What do we remember on Memorial Day?


When all of the pleasant associations of Memorial Day with the vacations, the start of summer, and barbecuing are taken into account, when else do we remember on Memorial Day?

Just like the three ghosts encountered by Ebenezer Scrooge in Charles Dickens’ A Christmas Carol, we are confronted with three specters. Usually the ghosts of Soldiers Past and Soldiers Present are whom we honor in cemeteries and in our parades, but I think we need to pay attention more to the ghosts of Soldiers Future.

When I say we honor the ghosts of Soldiers present, I’m referring to those veterans who have wounds, visible and otherwise, that are in the process of healing.

The greatest war poem in Western Civilization, the Iliad, has as its companion the greatest poem about the adjustment of a veteran (Odysseus) who in his various adventures in The Odyssey) tries to adjust to domestic life again in a post-world world. It takes him almost as many years as the war in which he fought.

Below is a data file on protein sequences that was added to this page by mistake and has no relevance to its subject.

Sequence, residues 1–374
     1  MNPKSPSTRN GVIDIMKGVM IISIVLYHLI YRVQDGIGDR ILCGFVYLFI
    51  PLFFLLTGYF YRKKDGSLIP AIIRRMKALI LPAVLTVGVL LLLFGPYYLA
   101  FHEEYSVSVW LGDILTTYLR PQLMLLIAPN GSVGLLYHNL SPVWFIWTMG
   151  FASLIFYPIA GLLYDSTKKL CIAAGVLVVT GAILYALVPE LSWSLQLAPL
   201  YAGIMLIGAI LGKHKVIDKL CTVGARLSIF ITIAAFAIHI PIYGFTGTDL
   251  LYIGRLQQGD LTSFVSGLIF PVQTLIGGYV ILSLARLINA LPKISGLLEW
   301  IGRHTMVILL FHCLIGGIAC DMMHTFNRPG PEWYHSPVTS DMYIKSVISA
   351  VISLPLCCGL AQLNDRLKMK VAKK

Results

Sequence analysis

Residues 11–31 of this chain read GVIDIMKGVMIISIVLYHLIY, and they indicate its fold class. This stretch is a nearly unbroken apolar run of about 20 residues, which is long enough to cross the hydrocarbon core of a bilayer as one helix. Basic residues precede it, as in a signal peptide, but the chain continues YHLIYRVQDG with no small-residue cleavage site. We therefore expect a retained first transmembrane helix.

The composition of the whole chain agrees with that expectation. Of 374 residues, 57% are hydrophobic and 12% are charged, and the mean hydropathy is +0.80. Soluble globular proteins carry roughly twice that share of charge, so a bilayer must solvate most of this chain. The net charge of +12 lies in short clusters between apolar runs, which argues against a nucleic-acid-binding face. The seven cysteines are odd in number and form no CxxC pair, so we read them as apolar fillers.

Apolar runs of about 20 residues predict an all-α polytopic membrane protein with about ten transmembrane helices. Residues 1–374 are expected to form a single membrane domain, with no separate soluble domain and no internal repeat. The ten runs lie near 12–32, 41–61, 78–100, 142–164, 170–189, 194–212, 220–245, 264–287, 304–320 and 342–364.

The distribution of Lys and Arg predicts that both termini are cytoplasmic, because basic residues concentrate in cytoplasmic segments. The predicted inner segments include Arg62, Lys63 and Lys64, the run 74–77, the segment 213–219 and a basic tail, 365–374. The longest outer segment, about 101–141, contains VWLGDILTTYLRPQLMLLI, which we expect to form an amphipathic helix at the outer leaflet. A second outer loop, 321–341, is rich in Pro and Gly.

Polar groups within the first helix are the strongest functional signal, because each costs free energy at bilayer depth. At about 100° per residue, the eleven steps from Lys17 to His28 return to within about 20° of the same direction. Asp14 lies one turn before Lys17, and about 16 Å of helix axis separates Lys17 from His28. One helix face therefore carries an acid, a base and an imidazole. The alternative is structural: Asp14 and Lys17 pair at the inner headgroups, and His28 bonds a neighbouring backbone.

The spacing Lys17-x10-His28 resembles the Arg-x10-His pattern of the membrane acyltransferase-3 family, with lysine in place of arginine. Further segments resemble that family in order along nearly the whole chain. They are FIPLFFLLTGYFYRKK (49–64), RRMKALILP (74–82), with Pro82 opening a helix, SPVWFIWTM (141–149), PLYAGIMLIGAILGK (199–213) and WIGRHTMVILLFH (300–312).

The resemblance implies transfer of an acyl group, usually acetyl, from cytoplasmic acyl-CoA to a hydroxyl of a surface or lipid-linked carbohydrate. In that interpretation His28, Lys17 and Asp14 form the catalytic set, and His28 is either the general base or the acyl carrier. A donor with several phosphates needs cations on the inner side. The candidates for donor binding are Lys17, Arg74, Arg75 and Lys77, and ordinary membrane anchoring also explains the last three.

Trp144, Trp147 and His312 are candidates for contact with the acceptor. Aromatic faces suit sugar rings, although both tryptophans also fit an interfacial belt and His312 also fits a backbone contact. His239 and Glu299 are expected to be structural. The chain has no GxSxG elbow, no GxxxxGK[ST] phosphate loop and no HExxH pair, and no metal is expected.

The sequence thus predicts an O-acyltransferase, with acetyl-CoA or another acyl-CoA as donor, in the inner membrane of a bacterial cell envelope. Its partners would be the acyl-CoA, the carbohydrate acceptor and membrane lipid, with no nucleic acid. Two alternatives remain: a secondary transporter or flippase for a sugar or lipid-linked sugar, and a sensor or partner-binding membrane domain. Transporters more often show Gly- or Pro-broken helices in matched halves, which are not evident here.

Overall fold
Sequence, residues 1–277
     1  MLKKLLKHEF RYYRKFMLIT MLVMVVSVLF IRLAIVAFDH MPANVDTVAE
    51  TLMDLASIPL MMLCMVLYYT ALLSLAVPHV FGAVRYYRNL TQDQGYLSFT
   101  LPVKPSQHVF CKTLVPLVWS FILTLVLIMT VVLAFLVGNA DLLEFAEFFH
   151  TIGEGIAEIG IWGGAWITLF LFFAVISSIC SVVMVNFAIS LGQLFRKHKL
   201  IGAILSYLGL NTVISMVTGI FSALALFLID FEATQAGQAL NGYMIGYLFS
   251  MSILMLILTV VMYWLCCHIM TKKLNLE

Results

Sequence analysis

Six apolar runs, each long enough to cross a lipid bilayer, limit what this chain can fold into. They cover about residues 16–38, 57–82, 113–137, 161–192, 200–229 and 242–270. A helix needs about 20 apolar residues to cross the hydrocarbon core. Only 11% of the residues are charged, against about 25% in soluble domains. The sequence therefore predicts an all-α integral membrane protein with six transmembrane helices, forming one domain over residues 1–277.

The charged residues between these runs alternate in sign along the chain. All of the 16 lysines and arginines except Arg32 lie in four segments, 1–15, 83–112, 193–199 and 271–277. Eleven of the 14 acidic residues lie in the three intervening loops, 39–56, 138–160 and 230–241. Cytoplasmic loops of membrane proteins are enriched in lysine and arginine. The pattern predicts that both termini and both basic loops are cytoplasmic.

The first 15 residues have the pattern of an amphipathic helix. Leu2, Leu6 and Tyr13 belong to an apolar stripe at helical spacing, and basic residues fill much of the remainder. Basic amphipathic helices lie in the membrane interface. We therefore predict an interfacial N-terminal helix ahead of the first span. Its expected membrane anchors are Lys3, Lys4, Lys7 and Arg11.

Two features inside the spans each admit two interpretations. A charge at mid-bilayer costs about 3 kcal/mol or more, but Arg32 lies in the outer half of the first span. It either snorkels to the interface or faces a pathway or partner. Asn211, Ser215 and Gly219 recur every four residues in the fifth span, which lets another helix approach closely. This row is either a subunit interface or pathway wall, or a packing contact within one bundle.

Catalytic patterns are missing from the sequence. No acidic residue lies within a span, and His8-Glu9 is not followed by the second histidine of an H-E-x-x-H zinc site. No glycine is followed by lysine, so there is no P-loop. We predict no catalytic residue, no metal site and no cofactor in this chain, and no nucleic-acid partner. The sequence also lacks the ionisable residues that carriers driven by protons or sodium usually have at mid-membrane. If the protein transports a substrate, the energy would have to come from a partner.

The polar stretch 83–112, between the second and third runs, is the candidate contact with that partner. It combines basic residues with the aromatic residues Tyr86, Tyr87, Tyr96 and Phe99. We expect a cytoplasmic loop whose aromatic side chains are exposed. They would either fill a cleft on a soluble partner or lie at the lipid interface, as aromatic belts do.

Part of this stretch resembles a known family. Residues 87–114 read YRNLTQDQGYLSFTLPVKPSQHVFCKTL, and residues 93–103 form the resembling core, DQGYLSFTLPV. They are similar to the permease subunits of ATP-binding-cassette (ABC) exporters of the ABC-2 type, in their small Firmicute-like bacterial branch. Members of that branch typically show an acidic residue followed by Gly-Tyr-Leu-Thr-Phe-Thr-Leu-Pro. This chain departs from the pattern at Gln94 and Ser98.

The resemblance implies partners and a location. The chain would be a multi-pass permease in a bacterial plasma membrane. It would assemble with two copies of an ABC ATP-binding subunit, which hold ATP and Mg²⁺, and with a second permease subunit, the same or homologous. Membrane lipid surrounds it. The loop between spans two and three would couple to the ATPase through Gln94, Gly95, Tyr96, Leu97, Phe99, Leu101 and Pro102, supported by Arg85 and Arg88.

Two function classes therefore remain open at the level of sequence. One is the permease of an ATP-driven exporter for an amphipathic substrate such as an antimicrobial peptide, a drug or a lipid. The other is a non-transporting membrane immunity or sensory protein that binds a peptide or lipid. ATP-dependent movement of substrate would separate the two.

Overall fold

The ghosts of Soldier Future I referred to are the kids who make up the audience of both the parades and the not-so-solemn entertainments that take place this weekend. Can we make sure that they do not needlessly die as soldiers in some future conflict because we did not have the courage to find a solution other than a military one?

I do not take the sacrifice of soldiers past and present lightly, and that is the very reason why I will resist sacrificing yet another generation of soldiers unless I understand the reason for that sacrifice, so that I know it is commensurate with the value of those soldiers’ lives.

And that is why I remember the past and recall the present on Memorial Day.

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